Unbelievable that this pasta the size of a needle head can cause such an ecstatic culinary experience…
Whether it’s pronounced ‘ksks’, ‘seksu’ or ‘kuskusi’, any trip to North Africa would be incomplete without at least one traditional couscous feast. I remember in our early days of life in Morocco… hearing about this famous dish and the hard work that went into preparing it. I was puzzled as my mind’s eye traveled back to the Real Canadian Superstore where I had frequently purchased the little box of microwaveable magic which would yield its cup and a half of slightly-more-exotic pre-seasoned yummyness than could be found in the meat n’ potatoes options otherwise filling the aisles. How hard could this be??
Well, several years of couscous experience have come and gone and now I too appreciate the dedication needed in preparing this traditional dish! Apparently, couscous used to be hand-rolled by women who would sprinkle delicate drops of water into flour and roll them through their skilled hands until they formed the desired shape. Several Moroccan restaurants still boast ‘hand made couscous’ on their menus and I don’t want to be the skeptic but it looks and tastes a lot like the packaged stuff that most North Africans buy and prepare in their homes. THAT’S where the truest traditional treats can be found… in local abodes where women own special pots that proudly boil the spices, meat and vegetables on the bottom while simultaneously steaming the golden pasta which sits in its own special dish on top and is periodically removed and culled through by hand, gently dissipating unwanted clumps and adding butter or oil before being returned carefully in the steamer again.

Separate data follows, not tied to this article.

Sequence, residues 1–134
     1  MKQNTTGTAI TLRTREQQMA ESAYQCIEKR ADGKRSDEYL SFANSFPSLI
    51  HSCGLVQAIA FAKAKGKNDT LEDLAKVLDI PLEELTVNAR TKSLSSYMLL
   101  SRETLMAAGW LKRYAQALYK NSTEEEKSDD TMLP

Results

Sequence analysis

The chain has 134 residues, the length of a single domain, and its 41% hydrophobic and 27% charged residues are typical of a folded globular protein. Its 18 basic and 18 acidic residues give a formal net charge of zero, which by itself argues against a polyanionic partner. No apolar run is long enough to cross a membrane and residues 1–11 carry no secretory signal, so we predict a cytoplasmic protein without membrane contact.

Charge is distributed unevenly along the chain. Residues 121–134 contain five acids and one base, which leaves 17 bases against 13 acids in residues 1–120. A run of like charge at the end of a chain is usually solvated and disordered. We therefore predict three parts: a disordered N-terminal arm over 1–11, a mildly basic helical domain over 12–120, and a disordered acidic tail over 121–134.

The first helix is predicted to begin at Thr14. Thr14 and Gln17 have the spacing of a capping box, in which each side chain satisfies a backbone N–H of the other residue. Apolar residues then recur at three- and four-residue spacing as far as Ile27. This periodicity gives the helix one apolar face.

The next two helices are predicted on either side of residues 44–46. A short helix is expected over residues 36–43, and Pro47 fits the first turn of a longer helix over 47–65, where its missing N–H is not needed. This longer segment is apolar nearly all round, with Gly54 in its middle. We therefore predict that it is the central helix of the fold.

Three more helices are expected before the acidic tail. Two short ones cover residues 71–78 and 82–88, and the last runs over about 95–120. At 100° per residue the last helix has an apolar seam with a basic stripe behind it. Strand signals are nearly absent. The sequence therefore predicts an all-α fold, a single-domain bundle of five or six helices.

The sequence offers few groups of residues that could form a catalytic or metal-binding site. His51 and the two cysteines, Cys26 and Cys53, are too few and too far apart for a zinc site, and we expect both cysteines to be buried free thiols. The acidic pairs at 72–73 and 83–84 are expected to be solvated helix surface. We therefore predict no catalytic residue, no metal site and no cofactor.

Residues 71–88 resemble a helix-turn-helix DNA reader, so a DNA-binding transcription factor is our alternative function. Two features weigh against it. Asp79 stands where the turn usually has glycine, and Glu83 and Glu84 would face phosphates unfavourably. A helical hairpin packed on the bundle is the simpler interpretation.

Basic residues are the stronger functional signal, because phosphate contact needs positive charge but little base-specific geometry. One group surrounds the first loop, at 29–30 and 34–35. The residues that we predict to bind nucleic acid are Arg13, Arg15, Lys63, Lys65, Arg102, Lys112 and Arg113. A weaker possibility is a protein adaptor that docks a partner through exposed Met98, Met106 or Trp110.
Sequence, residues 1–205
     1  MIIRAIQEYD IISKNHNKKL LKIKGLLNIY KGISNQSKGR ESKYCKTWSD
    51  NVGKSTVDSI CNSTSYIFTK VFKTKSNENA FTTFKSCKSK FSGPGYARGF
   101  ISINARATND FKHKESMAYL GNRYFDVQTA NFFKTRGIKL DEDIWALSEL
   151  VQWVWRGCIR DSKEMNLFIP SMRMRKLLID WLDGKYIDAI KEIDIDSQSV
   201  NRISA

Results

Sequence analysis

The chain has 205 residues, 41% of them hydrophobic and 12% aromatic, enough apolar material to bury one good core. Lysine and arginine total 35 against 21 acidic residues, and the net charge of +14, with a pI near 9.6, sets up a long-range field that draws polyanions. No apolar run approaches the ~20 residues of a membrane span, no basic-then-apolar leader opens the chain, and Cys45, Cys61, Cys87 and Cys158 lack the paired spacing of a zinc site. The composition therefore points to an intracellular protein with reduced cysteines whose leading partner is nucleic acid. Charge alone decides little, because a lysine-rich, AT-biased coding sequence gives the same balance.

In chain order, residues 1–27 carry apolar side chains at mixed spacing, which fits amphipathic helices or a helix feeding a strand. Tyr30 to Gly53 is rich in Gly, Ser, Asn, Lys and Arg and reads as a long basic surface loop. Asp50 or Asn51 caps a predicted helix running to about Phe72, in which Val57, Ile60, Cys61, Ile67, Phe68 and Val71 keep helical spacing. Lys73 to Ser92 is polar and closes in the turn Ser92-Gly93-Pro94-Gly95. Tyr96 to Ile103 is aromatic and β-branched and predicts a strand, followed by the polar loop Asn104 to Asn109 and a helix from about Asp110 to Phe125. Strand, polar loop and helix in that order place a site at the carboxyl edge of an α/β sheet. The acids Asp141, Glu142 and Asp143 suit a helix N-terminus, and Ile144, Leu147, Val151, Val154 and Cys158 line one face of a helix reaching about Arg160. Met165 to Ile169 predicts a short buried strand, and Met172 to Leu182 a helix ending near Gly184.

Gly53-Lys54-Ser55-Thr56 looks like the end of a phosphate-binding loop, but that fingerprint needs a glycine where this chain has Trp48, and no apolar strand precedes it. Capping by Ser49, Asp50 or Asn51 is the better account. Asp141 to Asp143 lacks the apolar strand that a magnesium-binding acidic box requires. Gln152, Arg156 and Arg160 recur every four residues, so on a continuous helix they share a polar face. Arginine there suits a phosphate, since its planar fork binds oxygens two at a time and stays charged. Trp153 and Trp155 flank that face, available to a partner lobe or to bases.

Though the process in similar throughout the region, the outcome can vary drastically depending on where you travel. Moroccan couscous in rich in saffron colouring and usually consists of several irreplaceable vegetables… cabbage, carrots, potatoes, turnips, chickpeas and a piece of meat. The meat can be beef, chicken, mutton or just a little piece of animal for flavour… If you get to know a family well you may even have a chance to find a selection of ear or stomach lining in the common central dish 🙂 Some Moroccan couscous is even garnished with a sweet mixture of caramelized onions, raisins and cinnamon… delicious!
I remember the day when a new neighbour of mine here in Tunisia asked me if my family and I “ate red”…? I laughed as I knew the literal translation of what she was asking was almost certainly NOT what she meant! I’ve learned since that day that ‘eating red’ is what Tunisians do best! What saffron colour and flavour is to Moroccans, tomato and hot red pepper paste (called harissa) is to Tunisians. Most dishes do end up turning, well, RED and that includes arguably the nation’s favourite dish- couscous. There are usually less vegetables, more meat (or even seafood in coastal areas!) and the whole dish can be very spicy and, of course, tomato-red too.
Whatever your North African destination, you absolutely CANNOT leave without trying this culinary and cultural staple… Enjoy!